USL Series Part III: Explanations and Analysis


Part III of the series USL at a crossroads is now available at Major League Soccer Talk and Inside Minnesota Soccer.

As has been the case the past two days, excerpts and analysis are available here.

“We recommitted to the league for 2009 and because of that we worked hard at educating the market that USL was a better fit for the So. Florida area,” said Davidson. “One of the questions that the League Owners Association wanted asked was; where was the USL front office when Miami FC and Traffic were fighting off MLS expansion? So when the 2009 USL-1 schedule was published (privately to the USL teams) we told them (USL) we weren’t happy with the progress of the league restructuring and the lack of defending Miami FC against the MLS bid, and that Traffic was seriously reconsidering their commitment to the league for 2009,” said Davidson. “The league had not given our owner [Julio Mariz] the hope, expectation and confidence to continue with the league. So we notified them that we were considering withdrawing. Nevertheless, the league went ahead and announced the schedule.”

On this front USL cannot be blamed. Atlanta had withdrawn partly because they felt the league did nothing to help them fight off an MLS bid for the city from another ownership group. Miami FC was making the same noises when the Barca Miami discussion was going with MLS.  I did see a league schedule as early as February with Miami FC on it, and this was before the club had formally decided to play in 2009.

This drama came months after Boris Jerkunica had withdrawn the Atlanta Silverbacks from the 2009 season. The Silverbacks had long advocated a more aggressive marketing posture from the league and had in fact built their own soccer specific stadium. Representing a top 10 national media market, Atlanta could have been the focal point of USL growth.

Instead, Jerkunica’s repeated efforts to implement more owner control over the direction of USL were defeated. But Atlanta maintained an interest in USL by fielding a W-League side and making it known that they intended to return to USL-1 and PDL play in the future.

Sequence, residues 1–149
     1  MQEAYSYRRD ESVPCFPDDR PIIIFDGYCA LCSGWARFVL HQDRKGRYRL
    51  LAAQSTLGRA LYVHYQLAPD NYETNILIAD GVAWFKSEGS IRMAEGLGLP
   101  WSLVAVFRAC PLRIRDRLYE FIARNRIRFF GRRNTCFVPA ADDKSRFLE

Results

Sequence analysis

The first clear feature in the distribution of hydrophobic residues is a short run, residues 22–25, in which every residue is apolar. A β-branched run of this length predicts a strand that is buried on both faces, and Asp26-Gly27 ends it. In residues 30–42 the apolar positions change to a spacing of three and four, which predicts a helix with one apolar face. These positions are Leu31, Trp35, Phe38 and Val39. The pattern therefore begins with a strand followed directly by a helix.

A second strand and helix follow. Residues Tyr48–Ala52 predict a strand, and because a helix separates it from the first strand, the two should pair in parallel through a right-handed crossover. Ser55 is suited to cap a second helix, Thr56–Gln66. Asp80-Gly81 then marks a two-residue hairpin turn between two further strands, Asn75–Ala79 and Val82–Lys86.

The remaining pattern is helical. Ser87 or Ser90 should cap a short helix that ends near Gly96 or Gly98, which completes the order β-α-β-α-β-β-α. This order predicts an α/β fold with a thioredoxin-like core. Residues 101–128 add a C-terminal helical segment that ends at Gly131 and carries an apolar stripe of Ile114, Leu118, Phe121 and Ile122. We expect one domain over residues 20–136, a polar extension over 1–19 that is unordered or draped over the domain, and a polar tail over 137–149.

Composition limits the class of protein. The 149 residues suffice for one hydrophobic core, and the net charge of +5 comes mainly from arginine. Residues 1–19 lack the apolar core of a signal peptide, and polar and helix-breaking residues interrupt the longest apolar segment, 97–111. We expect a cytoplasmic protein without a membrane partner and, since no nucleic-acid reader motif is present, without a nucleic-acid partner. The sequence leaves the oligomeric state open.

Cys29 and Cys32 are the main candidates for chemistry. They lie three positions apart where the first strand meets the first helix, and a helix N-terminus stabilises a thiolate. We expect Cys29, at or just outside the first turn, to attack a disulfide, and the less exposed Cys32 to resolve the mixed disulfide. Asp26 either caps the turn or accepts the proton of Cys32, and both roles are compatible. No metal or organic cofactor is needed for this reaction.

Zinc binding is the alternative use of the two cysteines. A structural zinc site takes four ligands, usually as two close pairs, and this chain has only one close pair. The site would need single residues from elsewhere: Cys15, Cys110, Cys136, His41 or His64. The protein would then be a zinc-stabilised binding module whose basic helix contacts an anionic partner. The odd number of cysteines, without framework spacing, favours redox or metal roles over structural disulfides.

Atlanta was perhaps the model USL-1 survival story. A big market with every other professional sport and a huge interest in college sports and NASCAR also. Yet, the Silverbacks had built their own stadium, formed a competitive woman’s and youth team and were semi-successful on the pitch.

The Atlanta market was different than the likes of Charleston and Rochester where USL was so successful. Yet, the Silverbacks made a go of it for many years.


The TOA began working with Cooper, who had outbid their own efforts and found him to be on the same wavelength.  With radical changes about to be made to the league under Cooper’s direction, a closing on the deal that appeared imminent was suddenly off.

As late as Wednesday night, the day before NuRock was awarded the USL, Cooper’s group were working on contracts with Nike. At the same time, Cooper was proposing a massive realignment of USL’s professional divisions in line with the owners wishes.


This move, which was done legally but without properly notifying many owners, created a further rift with USL’s Tampa based leadership, which could be irreparable.

It is important to note that the league is run lock, stock and barrel out of Tampa. No important decision about USL is made by anyone other than the staff at the league HQ. Furthermore, USL-1 owners complain that they never see the staff as compared with MLS clubs which see SUM and MLS staffers all the time. MLS may be based on 5th Avenue in New York, but they reach all of their markets effectively from a organization standpoint, whereas USL clubs that want to deal with the league must send their staff to Tampa.